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WORDS ARE ALL I HAVE...
(Power of Prayer)
By: Nivedita Shori

 

It is customary in Vedic philosophy to sit next to God at least two times every day to sing praises and offer prayers to Him. For years and years, this practice has included chanting of Ved mantras, with knowledge of their meanings. The practice is called Sandhya (in Sanskrit). The word has been derived from the conjunction of two smaller words, sam (pronounced “sum”) and dhya. Sam means ‘well or thoroughly’; Dhya means ‘to meditate upon’. Therefore, the process involves thorough meditation upon God.

 

The purpose of Sandhya is the search for God, contemplation on divine thoughts and an attempt to establish a connection with God. We use words to do so. These words can be simple Vedic words used to address God like ‘Om’ or specific verses or mantras like the Gayatri Mantra. Our ancient scholars have also compiled a set of mantras suitable for the purpose. The collection is known as Vedic Sandhya.

 

Notwithstanding the type of mantras used for prayers, it is essential to know the meaning of what we are chanting. It has been seen that people just read the words or even memorize and chant them but do not know what they mean. Prayers done in this way are almost futile. The word meaning has to be understood and in fact can also be spoken during the prayers along with the Sanskrit words. If the same mantra is being chanted over and over, the meaning can be spoken after every three or four chants (or as suitable).

 

The question has often been raised as to whether it is acceptable to pray with only the meanings of the mantras. The answer is that the pure, original words should always be present although they can be accompanied with the simplified meanings as well. If we completely leave out the original words, there is fear of contamination of thoughts.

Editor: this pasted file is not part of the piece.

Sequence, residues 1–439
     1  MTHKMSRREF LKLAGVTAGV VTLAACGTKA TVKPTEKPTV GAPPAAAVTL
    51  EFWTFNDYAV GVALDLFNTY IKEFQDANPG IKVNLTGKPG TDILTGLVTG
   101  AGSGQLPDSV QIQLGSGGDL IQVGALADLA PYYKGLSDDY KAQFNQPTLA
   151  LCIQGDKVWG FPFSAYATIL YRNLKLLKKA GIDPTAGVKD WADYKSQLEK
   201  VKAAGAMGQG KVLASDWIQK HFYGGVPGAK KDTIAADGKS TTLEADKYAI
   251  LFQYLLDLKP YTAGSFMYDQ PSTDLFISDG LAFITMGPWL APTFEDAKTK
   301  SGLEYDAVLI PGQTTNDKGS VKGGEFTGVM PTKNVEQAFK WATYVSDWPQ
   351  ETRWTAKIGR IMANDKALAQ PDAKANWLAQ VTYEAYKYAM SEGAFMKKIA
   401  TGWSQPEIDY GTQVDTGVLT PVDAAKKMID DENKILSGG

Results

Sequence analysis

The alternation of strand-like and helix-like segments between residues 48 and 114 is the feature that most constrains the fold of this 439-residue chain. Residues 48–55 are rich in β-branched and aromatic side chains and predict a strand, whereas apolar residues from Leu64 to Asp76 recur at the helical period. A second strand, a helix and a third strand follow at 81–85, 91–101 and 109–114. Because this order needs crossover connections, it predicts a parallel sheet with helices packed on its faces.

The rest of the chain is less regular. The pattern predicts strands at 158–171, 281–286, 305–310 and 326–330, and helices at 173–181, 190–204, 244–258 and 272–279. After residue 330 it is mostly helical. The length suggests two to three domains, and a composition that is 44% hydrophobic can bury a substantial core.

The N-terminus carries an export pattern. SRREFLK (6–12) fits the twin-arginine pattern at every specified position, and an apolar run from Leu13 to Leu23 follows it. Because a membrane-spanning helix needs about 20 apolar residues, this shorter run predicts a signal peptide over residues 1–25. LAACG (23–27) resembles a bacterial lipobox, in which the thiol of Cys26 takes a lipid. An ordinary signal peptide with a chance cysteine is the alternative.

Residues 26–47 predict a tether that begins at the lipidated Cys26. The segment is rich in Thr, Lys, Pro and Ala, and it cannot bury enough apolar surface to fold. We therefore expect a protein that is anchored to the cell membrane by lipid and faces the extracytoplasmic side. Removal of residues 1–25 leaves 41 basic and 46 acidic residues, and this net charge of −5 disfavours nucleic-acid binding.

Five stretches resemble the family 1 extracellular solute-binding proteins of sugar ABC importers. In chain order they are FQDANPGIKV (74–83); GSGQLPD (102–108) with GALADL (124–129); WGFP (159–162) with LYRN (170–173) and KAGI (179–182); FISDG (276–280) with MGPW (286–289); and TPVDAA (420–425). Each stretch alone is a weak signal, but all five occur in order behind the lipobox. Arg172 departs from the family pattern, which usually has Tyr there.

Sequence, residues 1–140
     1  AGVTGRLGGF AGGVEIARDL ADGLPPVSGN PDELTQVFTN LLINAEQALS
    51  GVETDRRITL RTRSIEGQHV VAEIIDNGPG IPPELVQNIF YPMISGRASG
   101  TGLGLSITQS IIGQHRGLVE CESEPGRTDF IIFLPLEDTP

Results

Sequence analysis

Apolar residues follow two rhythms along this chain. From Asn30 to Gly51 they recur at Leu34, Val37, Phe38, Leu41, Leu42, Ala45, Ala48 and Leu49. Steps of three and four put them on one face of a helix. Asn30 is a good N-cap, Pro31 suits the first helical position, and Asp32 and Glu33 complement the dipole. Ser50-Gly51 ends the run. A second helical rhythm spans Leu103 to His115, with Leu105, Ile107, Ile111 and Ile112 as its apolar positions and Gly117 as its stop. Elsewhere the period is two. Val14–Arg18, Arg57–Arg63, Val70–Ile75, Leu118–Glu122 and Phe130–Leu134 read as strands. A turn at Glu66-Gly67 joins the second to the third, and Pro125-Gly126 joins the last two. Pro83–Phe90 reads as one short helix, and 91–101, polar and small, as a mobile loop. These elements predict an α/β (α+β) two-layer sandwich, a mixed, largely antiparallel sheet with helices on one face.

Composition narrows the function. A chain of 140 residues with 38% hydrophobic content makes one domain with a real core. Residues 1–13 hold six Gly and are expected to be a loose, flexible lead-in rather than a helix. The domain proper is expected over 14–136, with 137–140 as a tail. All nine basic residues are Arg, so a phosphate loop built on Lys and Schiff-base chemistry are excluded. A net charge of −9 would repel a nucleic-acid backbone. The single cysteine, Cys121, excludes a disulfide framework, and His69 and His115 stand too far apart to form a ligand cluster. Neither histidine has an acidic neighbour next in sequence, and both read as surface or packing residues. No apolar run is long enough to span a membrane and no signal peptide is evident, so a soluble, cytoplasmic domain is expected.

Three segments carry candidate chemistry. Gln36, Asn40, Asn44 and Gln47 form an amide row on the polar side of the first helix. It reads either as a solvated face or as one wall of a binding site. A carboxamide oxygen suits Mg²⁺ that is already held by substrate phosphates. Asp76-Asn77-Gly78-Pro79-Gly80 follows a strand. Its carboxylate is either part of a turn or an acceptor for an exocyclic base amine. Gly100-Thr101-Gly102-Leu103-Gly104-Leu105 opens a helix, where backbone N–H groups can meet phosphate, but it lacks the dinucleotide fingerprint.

Scholars often worry that people do not even know how to pray. There is a story about a shepherd who used to take his cattle out to graze. The cattle used to get ticks and mites on their skin and being in contact with them, the shepherd’s overcoat used to catch those insects. It used to take him a long time and lots of effort to get rid of them. Once, in his prayers to God, he promised that he would serve God with all his strength. His promise however was that he would help God remove all the ticks and mites from His overcoat when He came back from the pastures with the cattle. Little did the poor fellow realize that the Lord was not a mere shepherd and hence didn’t require the service that the shepherd required.

 

So our saints and scriptures say that we should stick to the real mantras but for the sake of comprehension, we can say or sing the meanings as well. If too much digression is allowed, people will probably start asking God (in their prayers!) to get their food ready, to run a chore for them or to massage their heads!

 






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